Interior expects decision about Arctic refuge leasing after July 1, court document says

A Biden administration decision about how the Arctic National Wildlife Refuge oil-development program should proceed is expected in the third quarter of this year, a bit later than previously anticipated, according to a document recently filed in federal court.

The status report was filed Friday in U.S. District Court in Anchorage by the U.S. Justice Department on behalf of the Department of the Interior and its leader, Secretary Deb Haaland. It said a final supplemental environmental impact statement on refuge oil leasing is expected to be released in the second quarter of the year. A record of decision to follow that is expected in the third quarter, the status report said.

The status report was filed in an active lawsuit launched in 2020 by three Gwich’in tribal governments in Alaska. That lawsuit seeks to overturn a decision by former President Donald Trump’s administration to sell leases in the refuge’s coastal plain. The decision to allow oil exploration there, the complaint said, violates cultural and traditional rights in an area that the Indigenous Gwich’in call Iizhik Gwats’an Gwandaii Goodlit, meaning “The Sacred Place Where Life Begins,” because of its importance to the Porcupine Caribou Herd that ranges between northeastern Alaska and northwestern Canada.

The supplemental environmental study process started in 2021, a few months after the Biden administration took office. Interior started it after determining that presale study used by the Trump administration was indeed deficient in ways cited by the Gwich’in tribal plaintiffs. A draft supplemental study was released in September 2023.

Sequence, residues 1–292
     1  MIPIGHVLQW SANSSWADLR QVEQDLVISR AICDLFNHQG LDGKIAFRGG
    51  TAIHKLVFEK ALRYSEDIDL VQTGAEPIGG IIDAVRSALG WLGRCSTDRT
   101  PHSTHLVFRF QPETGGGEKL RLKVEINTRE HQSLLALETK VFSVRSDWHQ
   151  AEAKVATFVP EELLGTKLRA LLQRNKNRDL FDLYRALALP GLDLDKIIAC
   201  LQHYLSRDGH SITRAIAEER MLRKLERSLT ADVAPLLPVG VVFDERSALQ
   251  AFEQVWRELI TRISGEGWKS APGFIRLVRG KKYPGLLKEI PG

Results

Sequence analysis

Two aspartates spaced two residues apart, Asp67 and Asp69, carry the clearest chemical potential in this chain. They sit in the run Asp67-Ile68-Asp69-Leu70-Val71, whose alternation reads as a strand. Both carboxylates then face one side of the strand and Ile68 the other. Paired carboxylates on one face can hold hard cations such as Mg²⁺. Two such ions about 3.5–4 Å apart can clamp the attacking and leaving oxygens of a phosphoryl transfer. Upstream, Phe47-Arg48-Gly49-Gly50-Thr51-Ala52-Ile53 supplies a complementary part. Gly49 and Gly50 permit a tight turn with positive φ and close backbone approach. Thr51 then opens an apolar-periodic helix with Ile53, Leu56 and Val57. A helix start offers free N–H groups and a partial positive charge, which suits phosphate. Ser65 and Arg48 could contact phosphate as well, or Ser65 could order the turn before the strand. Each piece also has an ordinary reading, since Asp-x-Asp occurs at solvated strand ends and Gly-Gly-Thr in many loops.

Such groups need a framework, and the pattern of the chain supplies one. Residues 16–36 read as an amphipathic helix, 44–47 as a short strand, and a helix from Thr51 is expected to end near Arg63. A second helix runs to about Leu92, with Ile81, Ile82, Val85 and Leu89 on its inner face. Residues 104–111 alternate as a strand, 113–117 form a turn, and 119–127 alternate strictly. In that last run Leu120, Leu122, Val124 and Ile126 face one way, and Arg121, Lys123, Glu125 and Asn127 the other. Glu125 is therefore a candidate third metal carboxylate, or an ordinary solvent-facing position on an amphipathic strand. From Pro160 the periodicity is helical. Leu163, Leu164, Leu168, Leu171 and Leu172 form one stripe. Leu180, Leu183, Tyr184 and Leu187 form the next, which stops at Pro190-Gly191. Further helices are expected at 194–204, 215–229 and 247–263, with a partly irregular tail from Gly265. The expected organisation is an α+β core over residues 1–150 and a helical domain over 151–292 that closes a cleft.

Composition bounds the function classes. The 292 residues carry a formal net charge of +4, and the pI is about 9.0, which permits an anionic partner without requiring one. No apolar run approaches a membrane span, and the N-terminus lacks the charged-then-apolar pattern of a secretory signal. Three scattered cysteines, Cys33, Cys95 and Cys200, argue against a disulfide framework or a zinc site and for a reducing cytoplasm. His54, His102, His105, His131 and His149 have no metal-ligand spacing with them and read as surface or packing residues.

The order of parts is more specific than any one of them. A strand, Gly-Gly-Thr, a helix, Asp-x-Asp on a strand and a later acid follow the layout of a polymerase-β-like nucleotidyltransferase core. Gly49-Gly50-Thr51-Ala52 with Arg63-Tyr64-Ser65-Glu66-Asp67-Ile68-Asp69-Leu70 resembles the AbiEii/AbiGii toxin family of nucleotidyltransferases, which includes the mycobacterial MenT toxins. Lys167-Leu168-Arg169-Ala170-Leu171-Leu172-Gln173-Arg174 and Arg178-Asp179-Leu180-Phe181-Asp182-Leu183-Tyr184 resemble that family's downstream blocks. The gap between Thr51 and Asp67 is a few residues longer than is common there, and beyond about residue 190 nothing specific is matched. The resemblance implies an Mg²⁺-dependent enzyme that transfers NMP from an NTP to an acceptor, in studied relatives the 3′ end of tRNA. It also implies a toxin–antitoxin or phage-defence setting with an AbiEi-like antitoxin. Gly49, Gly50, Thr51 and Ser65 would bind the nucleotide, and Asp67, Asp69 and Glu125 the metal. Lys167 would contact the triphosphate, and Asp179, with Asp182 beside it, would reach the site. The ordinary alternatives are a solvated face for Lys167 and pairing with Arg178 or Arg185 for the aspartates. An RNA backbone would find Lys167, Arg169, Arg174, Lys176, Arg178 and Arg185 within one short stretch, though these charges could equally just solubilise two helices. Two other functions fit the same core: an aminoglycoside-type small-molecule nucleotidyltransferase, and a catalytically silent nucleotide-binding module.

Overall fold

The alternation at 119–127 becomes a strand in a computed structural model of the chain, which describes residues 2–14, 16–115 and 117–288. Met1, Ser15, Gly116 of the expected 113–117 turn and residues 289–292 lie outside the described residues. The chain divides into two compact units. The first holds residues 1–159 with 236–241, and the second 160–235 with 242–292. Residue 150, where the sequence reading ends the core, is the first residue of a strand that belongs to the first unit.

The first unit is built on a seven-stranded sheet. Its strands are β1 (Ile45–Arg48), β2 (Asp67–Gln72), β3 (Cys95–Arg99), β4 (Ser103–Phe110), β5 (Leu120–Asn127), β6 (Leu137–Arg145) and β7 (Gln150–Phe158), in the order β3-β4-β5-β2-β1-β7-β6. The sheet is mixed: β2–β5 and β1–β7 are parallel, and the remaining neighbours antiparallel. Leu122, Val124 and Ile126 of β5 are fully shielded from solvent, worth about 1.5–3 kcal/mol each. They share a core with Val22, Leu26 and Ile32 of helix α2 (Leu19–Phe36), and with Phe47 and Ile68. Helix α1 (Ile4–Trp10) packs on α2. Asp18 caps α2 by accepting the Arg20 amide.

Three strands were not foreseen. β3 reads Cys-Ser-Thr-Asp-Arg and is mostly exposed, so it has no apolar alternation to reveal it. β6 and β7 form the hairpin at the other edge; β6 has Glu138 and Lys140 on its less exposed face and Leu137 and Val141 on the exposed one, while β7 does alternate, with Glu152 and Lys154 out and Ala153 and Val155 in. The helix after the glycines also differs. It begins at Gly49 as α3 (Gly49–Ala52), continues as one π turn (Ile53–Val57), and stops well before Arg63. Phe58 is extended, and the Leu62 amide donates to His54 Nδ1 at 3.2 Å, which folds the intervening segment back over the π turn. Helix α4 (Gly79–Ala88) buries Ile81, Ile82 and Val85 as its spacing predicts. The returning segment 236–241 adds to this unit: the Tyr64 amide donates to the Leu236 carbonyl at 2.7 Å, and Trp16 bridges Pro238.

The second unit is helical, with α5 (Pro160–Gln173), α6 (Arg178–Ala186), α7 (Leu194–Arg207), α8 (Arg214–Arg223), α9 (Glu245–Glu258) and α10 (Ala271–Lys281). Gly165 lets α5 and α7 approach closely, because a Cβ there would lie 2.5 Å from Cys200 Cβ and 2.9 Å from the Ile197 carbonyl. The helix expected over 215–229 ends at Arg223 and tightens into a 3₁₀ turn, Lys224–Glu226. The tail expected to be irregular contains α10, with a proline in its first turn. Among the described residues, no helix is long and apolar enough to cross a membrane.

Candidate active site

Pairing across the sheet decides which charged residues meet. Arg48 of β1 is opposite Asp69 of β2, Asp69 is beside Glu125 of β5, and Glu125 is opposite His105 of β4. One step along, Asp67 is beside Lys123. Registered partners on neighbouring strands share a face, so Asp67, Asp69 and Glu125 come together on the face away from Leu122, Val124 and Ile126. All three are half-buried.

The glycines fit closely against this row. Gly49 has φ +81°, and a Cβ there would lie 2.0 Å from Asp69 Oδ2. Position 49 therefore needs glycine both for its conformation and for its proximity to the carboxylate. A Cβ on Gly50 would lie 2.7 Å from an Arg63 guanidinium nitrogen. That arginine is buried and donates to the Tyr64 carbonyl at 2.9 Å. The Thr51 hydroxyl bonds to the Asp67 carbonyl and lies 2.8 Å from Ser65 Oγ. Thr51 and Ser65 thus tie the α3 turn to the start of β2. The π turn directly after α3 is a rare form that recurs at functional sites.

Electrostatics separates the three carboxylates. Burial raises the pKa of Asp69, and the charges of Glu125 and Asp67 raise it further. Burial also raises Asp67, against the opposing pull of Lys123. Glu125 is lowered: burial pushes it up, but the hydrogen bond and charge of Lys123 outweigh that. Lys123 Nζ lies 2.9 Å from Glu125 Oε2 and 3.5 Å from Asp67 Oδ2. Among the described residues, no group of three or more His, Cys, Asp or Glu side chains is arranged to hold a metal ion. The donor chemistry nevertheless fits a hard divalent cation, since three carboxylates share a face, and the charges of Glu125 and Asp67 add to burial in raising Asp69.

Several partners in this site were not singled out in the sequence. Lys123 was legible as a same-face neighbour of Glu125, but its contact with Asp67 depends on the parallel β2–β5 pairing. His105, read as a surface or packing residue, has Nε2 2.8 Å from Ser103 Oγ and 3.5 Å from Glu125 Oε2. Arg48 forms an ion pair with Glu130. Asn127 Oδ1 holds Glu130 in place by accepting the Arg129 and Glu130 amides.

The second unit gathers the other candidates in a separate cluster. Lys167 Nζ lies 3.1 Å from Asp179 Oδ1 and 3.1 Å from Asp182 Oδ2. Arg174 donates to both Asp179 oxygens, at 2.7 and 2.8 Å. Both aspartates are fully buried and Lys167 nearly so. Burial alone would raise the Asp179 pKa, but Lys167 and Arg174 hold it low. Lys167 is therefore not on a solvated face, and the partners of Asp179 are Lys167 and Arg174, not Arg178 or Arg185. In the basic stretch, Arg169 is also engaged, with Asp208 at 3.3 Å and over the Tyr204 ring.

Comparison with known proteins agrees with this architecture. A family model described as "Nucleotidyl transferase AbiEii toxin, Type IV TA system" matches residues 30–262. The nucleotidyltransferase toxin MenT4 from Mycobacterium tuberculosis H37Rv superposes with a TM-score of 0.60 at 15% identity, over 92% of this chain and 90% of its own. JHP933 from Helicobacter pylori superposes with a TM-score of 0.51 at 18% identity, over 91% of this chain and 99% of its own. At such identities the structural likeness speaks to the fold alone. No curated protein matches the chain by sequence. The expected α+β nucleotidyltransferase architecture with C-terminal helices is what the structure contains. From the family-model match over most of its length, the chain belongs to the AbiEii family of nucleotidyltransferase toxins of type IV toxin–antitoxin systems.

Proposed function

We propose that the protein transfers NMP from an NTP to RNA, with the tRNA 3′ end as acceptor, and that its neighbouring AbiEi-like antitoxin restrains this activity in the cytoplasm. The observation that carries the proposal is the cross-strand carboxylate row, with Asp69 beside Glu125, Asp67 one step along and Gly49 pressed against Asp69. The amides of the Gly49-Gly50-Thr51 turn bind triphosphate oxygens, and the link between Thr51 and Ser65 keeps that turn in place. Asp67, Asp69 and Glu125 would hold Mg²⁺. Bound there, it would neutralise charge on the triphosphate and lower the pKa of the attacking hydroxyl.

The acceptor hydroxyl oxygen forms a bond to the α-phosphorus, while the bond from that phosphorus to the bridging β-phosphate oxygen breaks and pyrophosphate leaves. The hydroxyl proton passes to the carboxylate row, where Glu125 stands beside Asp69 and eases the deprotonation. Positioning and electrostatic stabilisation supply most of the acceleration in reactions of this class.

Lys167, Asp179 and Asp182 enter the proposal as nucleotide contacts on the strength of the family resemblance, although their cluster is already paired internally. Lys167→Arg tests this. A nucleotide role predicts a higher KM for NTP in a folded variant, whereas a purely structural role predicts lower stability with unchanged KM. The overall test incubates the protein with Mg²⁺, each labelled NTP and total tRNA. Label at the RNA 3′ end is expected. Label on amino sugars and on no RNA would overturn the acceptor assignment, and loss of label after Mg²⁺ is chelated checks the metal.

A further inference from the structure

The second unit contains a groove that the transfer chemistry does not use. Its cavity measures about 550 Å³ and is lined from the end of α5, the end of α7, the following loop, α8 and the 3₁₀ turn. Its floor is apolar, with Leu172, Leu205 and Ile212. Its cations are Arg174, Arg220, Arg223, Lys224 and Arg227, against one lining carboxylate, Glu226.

Interior had earlier estimated that a final supplemental report would be issued in the first quarter of this year and a record of decision in the second quarter, according to the status report.

The new timeline would produce a decision just a few months before the deadline for a second oil lease sale in the refuge’s coastal plain. While President Joe Biden, Haaland and other top officials in the administration are on record opposing oil development in the refuge, current law requires leasing. Under the Tax Cut and Jobs Act of 2017, Interior’s Bureau of Land Management must hold the second lease sale by Dec. 22, 2024.

The 2021 lease sale, held in the last days of the Trump administration, attracted little response. The main bidder in the Jan. 6, 2021, lease sale was the Alaska Industrial Development and Export Authority, a state-owned development bank. Its seven leases were canceled last September by the Interior Department. AIDEA subsequently filed a lawsuit over the lease cancellations.


No major oil companies bid in the 2021 auction. One small independent submitted a single bid, as did an Anchorage real estate company, but they both relinquished their leases in 2022.

AIDEA previously sued to overturn Interior’s earlier suspension order that barred any on-site exploration work at the leases sold by the Trump administration. U.S. District Court Judge Sharon Gleason, who is overseeing proceedings in the Gwich’in tribal government lawsuit, upheld Interior’s actions as legal in a ruling she issued in August 2023 and confirmed in February of this year.

Originally published by the Alaska Beacon, an independent, nonpartisan news organization that covers Alaska state government.